Breathe, right now. Breathe right, now.


Inhale deeeeeep. Exhale.

Breathing is so important in yoga (and actually almost all kinds of sports). However, what sets yoga apart from other sports is the correlation between the breath and movement. The breath guides your movement and sets the pace; every inhalation and exhalation is synchronised with a movement.

Still an infant in my yoga practice back then, I didn’t know what my Teachers were talking about when they said I’m “not breathing” or I’m “not breathing right”.
O.o?? Isn’t breathing supposed to be an instinctive innate ability of the living?

So I consulted Google sensei.

Breathe, right now.
“I don’t hear you breathing”, she said to me.
Okay google, what is the importance of breath in yoga?

Many of us tend to hold our breath in difficult poses and this is not recommended. Breathing can enhance your yoga practice and serve as an indicator of your stamina. Prana (breath) is integral in an asana practice. The intentional breathing — when done correctly — helps you flow into a pose better. For instance:

1. In supta matsyendrasana (supine spinal twist), breathe to enter a deeper twist with every exhalation.
2. In uttana shishosana (puppy pose), breathe to sink/melt your chest further down towards to mat with every exhalation.
3. Getting into Uttanasana (forward fold), inhale raise arms up, exhale fold forward. The flexion of the body only makes sense when exhaling; to fold to your maximum.

The breath also indicates or signals to you the duration of hold in a pose. Your breath should be easy and effortless. At any point in time when your breath starts to feel erratic or shallow, it is time to exit the asana. So remember to breathe in your practice, listen to your body (literally) and avoid overexerting yourself.


Breathe right, now.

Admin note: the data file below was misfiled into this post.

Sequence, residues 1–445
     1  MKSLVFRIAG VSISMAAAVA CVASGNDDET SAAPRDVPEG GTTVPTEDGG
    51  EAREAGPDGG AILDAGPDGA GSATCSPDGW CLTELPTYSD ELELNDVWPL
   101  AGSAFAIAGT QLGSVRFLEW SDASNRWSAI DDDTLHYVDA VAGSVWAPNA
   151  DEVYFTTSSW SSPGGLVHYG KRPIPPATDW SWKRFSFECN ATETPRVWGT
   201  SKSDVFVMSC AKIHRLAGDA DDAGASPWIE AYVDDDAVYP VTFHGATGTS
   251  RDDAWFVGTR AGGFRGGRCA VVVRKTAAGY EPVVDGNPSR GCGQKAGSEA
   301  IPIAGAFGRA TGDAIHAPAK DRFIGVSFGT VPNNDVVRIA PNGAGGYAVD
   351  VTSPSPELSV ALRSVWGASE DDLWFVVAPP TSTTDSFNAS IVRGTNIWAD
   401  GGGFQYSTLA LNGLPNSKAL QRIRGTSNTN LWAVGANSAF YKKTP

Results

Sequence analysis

“You’re not breathing right”, she said.
Okay google, what is the correct way to breathe in yoga?

Apparently, most of us are breathing wrongly. (O.O!! Not so instinctive after all I guess..)
Only a small part of our lung capacity is utilised, in turn depriving the body of prana.
There are a few ways of breathing:

  1. Belly/ diaphragmatic breathing – breathe in deeply through your belly first, followed by your lungs. Exhale from your lungs and then your belly.
  2. Thoracic breathing – breathe into your lungs, expanding the lungs upwards and outwards. (Mostly used in backbending poses/ anahata asanas)
  3. Clavicular breathing – inhaling through the upper portion of your lungs (closer to the clavicle aka collarbone), until the shoulder and collarbone moves up as well.
  4. Yogic breathing (one that my Teachers were looking out for!) – the amalgamation of the above #1-3 forms of breathing.

Pranayama beyond the asanas prove to be helpful in regulating mood, stress levels and prolong longevity as well. Some beginner-friendly Pranayamas to practice at your OTOT:


1. Anulom Vilom (alternate nostril breathing)
2. Ujjayi (ocean’s breath)
3. Brahmari (bumblebee breath)

When practices like Pranayama are performed properly, they can eradicate all diseases; but improper practice can otherwise generate diseases. — Hatha Pradipika, 2.16.

Remember to breathe, and breathe right.